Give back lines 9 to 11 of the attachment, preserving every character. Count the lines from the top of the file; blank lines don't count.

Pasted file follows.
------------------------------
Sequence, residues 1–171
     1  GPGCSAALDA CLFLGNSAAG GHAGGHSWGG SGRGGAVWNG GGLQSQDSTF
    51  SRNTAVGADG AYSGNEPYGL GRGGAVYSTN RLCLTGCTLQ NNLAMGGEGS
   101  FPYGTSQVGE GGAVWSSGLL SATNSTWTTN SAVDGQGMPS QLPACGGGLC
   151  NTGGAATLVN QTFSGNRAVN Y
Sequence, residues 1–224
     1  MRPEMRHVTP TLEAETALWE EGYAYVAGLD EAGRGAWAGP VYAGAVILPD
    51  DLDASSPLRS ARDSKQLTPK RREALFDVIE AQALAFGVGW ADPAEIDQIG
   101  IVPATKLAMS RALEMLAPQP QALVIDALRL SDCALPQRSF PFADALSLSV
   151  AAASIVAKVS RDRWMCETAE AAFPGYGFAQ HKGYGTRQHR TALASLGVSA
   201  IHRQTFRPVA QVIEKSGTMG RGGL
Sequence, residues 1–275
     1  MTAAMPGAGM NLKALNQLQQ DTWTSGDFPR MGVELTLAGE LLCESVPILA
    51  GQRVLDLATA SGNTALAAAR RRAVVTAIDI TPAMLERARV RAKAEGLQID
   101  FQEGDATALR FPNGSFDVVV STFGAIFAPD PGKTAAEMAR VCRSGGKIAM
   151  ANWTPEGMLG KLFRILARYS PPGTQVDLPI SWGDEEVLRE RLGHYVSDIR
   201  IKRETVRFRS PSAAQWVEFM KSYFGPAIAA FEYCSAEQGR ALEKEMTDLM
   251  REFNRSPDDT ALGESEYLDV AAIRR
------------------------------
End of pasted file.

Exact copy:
   101  IVPATKLAMS RALEMLAPQP QALVIDALRL SDCALPQRSF PFADALSLSV
   151  AAASIVAKVS RDRWMCETAE AAFPGYGFAQ HKGYGTRQHR TALASLGVSA
   201  IHRQTFRPVA QVIEKSGTMG RGGL